women. These figures also include transfers
between institutions. 33

* Actual or estimated proportions of inmates
incarcerated. The estimated yearly percentages for
prison inmates by crime type on March 31, 1989 are
as follows: 34

Drug Crimes 9.1%
Violent Crimes 35.2%
Property Crimes 44.3%
Other Crimes 35 11.4%

2. Administration.

Prisons are administered at the state level.
There are neither federal prisons nor private
prisons in Germany.

* Prison guards. In 1992 there were 21,500
uniformed personnel in the 13 states that
reported. 36 There were 31,882 positions at all
levels in correctional institutions in the 13
reporting states (Gem„hlich, 1993).

* Training and qualifications. The training of
guards is fairly consistent in each of the federal
states. All guards attend a school designed to
train prison personnel called the
Justizvollzugsschule. A school is located in each
of the larger states. Smaller states combine
resources and train their personnel at the same
school. The training period, which lasts
approximately two years, combines practical
training in the institutions coupled with classes
in psychology, sociology, and criminological
theory. (Gem„hlich, 1993).

* Expenditure on the prison system. Because the
administration of the prison which includes the
training of guards, building, operation and
maintenance, is done at the state level,
statistics concerning these matters are not
available from the Federal Ministry of Justice.
(Tolzman, 1993).

* Number of prisoners awaiting trial. As of
September 30, 1992, there were 18,82336 prisoners
(31.6% of the total prison population) awaiting
trial (Tolzmann, 1993).

3. Prison Conditions.

* Remissions. In cases where a determinate
sentence has been imposed, conditional release for
good behavior may be granted an inmate after
having served two-thirds of his/her sentence
(StPO, s 57). In special cases, an individual may
be released after half the sentence is served.
Where an individual has received a life sentence,
the court may consider conditional release after
the individual has served at least 15 years (StPO,
s 57a). The decision is made by a criminal law
judge of the Landgericht. 37 Supervisory
assistance in the form of a parole officer is
available to inmates released early from prison.

* Work/Education. Inmates are required to work
when work is available. Educational opportunities
in the prison are voluntary. Inmates are often
given vocational training and allowed to complete
their apprenticeship in prison workshops and are
then given certificates, which allows them to
practice their profession on the outside upon
release from the institution. Heavy emphasis is
placed upon education in juvenile institutions.

* Amenities/privileges. Several amenities are
provided the German prisoner. They are listed
below. 1)Work release: The individual under
certain circumstances is allowed to work outside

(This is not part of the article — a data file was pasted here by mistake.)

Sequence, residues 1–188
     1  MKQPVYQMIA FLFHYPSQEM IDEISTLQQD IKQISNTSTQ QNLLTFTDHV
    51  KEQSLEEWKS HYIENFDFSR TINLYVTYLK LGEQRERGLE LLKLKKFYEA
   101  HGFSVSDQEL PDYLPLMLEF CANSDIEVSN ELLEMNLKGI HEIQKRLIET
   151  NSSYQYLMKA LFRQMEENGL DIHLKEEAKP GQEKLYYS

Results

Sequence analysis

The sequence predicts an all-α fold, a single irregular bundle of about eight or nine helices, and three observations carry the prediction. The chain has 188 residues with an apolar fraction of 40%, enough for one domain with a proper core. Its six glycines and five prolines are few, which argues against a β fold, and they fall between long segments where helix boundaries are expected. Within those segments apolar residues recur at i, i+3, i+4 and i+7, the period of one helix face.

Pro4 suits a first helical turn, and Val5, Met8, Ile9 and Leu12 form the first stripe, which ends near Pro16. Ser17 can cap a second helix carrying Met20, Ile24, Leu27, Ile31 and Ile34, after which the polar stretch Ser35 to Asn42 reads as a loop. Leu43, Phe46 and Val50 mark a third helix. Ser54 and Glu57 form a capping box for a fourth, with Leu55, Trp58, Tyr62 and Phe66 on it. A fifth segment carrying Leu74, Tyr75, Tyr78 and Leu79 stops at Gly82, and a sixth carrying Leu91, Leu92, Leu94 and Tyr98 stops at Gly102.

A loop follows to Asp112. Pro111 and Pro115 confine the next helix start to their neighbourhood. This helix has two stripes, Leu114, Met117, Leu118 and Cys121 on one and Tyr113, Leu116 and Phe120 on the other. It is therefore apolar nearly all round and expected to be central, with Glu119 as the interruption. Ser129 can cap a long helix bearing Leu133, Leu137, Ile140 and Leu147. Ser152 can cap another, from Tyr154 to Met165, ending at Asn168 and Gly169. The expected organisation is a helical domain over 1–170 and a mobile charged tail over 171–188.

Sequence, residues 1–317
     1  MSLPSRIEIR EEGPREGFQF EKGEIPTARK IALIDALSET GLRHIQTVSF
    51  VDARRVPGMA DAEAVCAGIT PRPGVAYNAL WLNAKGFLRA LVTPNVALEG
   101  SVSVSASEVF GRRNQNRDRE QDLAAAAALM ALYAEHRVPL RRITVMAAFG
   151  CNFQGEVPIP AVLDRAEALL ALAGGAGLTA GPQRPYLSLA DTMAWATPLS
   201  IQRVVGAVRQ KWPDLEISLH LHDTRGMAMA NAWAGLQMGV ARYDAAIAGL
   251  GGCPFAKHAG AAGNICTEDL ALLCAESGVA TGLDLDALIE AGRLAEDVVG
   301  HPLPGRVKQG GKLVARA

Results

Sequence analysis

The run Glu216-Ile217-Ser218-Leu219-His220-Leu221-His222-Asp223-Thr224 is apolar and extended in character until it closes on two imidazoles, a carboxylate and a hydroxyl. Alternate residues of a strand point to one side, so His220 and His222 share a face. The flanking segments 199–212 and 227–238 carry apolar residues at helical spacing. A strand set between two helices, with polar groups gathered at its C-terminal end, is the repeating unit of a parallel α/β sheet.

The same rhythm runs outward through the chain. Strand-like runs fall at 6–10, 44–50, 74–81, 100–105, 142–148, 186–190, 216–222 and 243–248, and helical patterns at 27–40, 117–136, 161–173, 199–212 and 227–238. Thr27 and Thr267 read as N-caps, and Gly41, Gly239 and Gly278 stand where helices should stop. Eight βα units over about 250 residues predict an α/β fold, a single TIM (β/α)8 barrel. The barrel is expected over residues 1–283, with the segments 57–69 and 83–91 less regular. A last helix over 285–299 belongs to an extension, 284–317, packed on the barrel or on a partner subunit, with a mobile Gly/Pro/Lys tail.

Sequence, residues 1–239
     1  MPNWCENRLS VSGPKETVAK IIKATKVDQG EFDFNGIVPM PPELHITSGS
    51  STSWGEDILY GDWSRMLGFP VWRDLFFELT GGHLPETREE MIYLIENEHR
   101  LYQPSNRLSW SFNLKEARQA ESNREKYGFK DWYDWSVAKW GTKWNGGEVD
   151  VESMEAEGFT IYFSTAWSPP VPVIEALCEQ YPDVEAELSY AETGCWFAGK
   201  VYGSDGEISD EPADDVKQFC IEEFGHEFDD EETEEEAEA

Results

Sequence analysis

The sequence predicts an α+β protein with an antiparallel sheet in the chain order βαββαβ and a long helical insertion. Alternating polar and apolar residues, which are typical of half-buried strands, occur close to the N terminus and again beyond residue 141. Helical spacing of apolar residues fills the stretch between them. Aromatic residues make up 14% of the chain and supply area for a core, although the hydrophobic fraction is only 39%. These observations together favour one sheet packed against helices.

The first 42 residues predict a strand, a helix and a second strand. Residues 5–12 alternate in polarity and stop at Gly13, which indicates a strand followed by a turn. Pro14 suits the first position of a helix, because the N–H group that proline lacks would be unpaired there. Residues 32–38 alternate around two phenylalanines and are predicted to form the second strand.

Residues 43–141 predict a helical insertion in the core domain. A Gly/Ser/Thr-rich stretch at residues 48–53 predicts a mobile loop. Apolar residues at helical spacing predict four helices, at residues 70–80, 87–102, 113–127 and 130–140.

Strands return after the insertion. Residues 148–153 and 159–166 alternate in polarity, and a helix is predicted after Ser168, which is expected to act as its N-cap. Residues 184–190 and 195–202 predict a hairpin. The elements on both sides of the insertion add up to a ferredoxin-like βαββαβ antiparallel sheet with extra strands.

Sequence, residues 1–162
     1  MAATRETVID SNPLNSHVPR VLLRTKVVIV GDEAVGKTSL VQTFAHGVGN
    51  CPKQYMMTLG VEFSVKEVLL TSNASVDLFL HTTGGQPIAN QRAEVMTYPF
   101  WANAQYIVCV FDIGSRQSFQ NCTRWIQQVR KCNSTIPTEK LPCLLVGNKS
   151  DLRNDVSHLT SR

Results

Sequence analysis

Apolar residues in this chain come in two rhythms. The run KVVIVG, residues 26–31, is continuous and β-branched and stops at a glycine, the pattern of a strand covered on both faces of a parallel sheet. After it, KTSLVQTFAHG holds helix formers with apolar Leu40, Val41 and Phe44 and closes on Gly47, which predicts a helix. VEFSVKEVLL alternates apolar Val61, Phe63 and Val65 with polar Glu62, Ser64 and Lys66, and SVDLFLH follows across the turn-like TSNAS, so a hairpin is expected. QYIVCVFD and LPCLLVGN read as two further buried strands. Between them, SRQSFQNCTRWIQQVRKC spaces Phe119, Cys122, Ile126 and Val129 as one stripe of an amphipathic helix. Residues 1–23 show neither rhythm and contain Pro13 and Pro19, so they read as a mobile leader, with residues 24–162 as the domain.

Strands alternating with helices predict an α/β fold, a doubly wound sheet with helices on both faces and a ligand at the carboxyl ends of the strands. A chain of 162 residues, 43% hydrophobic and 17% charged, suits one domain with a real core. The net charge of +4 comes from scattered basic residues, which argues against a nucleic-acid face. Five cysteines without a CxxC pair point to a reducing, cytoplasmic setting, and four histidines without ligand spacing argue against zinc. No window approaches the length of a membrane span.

of the prison and return to the prison after work.
Some institutions have established a separate wing
or separate quarters outside of the prison for
those on work release; 2)Temporary (day basis)
release: Prisoners are allowed to leave the
prison either with or without supervision by a
staff member. Emergency leave may also be granted
in life-threatening situations involving a family
member; 3)Vacation. This involves release of an
inmate for a period of anywhere between 6 to 21
days depending upon the circumstances and the
particular inmate. 4)Correspondence: Inmates have
the right to correspond with individuals outside
of the institution and the institutions have the
responsibility to facilitate this contact;
5)Visitation: Inmates have a right to visitors.
Visitors are not restricted to family members or
specific individuals. Inmates do not have a right
to sexual contact with spouses or partners in
prison (Higher Regional court decision 1967).
However, the court did not prohibit individual
prisons from providing such an opportunity.
6)Education: School classes may be offered with
the intention of providing a graduation
certificate for elementary school. (Kaiser, et
al., 1992: 187-188, 192).
The prison is responsible for providing for
the physical and mental well-being of the inmate.
Religious services and other religious events or
meetings are a right. The prison must provide for
medical and dental care of inmates. Additionally,
many prisons offer drug and alcohol rehabilitation
programs to inmates. (Kaiser, et al., 1992: 223.)
The inmate also has the right to financial
assistance from the prison upon his release. The
money can be used to pay for transportation,
clothes, and generally to get established in a
residence. The released prisoner is not obliged
to repay the prison. (Kaiser, et al., 1992; 233).


* Extradition. The Act for International Legal
Assistance in Criminal Matters (Gesetz ber die
internationale Rechtshilfe in Strafsachen (IRG))
contains the rules governing extradition in
Germany. The European Convention on Extradition
(ETS No. 24), a multilateral agreement between
member countries, provides for extradition between
Germany and each of the following countries:
Austria, Belgium, Cyprus, Denmark, Finland (by
accession), France, Greece, Hungary, Iceland,
Ireland, Italy, Liechtenstein (by accession),
Luxembourg, Netherlands, Norway, Portugal, Spain,
Sweden, Switzerland, Turkey, United Kingdom, and
with Israel (a non-member state by accession)
(E.T.S. No. 24 – European Convention on
Extradition; in Mller-Rappard and Bassiorni,
1991; 247).

* Exchange of prisoners. The exchange of prisoners
is governed by the Convention on the Transfer of
Sentenced Persons (ETS No. 112), entered into
force in 1985. This multilateral agreement
provides for the transfer of sentenced persons
between Germany and the following countries:
Austria, Belgium, Cyprus, Denmark, Finland,